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Christian    752

Barbarella #1 (by Mike Carey)-Well, this was certainly different for Carey. The scenes of lesbian sex were something that I can't remember from past Carey writings, although that's going to be expected in a Barbarella comic book, I suppose.

It ended up being quite good though. Carey managed to turn it in to a social satire about religious fundamentalism in that good 1980s comic book manner. Carey certainly puts more in to the book than sexploitation.

Klaus and the Crisis in X-Mas Ville (by Grant Morrison)-So....did Morrison really just have Santa fight Lobo?

(Yes, I know Morrison is returning to the Qliphoth theme here, but the alien really looked and acted a lot like Lobo.)

I found the story to be a bit of a mess, but still a mess in a good-Grant Morrison type of way, with enough worthwhile in the story to make it worth reading. There were certainly some problems with the plot though. It won't go down as a classic, much the same as the other Klaus books Morrison has written, but Morrison went a bit more crazy with this one than he had with his previous Klaus work as well.

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dogpoet    463

There was an offer of mutual muff diving in Lucifer when Mazikeen picked up a hooker with a slightly messed up face in order to sort out her resented prettiness, was there not?

(There might have been implied same sex sexiness happening in hindsight in Faker as well, but everybody had so much backstory in that, apart from the fake gooey guy, that I can't recall offhand.)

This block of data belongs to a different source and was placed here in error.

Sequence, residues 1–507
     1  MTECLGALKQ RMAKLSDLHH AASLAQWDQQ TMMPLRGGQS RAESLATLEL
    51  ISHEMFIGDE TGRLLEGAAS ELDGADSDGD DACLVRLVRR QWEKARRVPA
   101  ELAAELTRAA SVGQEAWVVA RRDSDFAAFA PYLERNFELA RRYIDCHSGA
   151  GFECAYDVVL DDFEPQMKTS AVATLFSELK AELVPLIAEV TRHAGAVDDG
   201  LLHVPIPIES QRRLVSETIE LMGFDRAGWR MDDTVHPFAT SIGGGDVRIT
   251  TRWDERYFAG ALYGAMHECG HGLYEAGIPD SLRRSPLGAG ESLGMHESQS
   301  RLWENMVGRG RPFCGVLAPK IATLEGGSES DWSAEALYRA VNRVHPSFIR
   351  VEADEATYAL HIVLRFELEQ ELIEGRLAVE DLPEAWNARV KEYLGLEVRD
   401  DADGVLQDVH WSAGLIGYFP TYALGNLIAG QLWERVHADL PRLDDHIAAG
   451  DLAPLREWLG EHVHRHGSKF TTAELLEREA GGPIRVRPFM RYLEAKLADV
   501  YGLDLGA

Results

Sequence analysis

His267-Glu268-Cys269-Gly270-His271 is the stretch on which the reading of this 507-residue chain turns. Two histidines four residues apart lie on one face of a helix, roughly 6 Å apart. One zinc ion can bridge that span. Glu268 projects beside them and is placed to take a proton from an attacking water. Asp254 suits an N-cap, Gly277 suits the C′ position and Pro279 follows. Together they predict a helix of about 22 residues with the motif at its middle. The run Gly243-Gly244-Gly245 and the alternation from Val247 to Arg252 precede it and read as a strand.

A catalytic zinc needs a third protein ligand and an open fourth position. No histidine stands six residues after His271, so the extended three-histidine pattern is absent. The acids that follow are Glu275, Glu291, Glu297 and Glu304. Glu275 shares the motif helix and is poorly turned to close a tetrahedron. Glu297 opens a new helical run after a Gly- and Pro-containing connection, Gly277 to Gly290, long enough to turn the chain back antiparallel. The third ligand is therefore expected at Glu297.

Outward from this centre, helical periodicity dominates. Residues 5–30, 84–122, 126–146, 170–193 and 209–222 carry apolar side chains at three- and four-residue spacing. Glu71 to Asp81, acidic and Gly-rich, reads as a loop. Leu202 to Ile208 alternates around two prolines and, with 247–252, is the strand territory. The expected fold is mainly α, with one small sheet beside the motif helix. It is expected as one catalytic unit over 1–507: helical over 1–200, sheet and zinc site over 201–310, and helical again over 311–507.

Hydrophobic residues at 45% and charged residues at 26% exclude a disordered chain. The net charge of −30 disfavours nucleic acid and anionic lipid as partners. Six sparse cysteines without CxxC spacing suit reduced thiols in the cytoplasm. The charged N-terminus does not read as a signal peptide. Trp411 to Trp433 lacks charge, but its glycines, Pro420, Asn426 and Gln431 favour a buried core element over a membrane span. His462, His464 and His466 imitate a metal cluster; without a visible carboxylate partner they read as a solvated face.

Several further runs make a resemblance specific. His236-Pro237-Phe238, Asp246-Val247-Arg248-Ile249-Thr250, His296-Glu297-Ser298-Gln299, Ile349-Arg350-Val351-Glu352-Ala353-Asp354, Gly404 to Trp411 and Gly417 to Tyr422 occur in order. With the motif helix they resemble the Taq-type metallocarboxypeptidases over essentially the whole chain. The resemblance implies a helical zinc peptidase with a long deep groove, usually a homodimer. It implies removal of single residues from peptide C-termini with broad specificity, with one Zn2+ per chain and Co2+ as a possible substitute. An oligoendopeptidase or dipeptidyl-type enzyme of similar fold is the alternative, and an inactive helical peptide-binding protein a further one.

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Christian    752

Yeah, my memory of those sorts of smaller moments from earlier Carey comics is going to be lacking, since I haven't really read the Lucifer comic since I was picking it up monthly. I guessed there might be a moment or two I had completely forgotten.

Although, this was a lesbian sex orgy, but it was still lesbian sex for all the right reasons (Stick it to the man, ladies! Show the patriarchs who own those bodies!).

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dogpoet    463

To be fair, the Jean Claude Forrest (?) Barbarella comics from the '60s do have a bit of subversive satirical stuff mixed in with the softcore. I don't think they'd even let you write kids' comics or smut back then in France unless you shoehorned in a political gag or two, so Carey's probably being careful to balance both as part of the story. (She probably won't be threatening to melt somebody's face if they don't uncrucify an angel if Carey's doing the comics not the film, though...)

Just gone through this year's JLA annual, which I bought mainly to see how Kelly Jones would draw Lobo. The script is not as good as the artwork, sadly.

 

 

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I have no vested interest in Barbarella, the movie is such a distant memory for me that Jane Fonda in a catsuit having orgasms is about the sum total of my take-away from it.  I read the first issue for Carey's writing, and eh, it was certainly well-written but not really my cup of tea.  I don't know how well Carey tackles hard Sci-Fi, even with the satire bent, maybe I'm just too used to him as a fantasy/horror writer.  

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Christian    752

I find he's actually quite good at writing science fiction.

By the way, I would hardly call this "hard sci-fi". It's "soft social sci-fi", with the intent being to question religious fundamentalism and patriarchy in a satirical context....the point was certainly not to tell us about how space travel works, or what exactly would be involved in a surgical procedure as described being done to the citizens of that planet.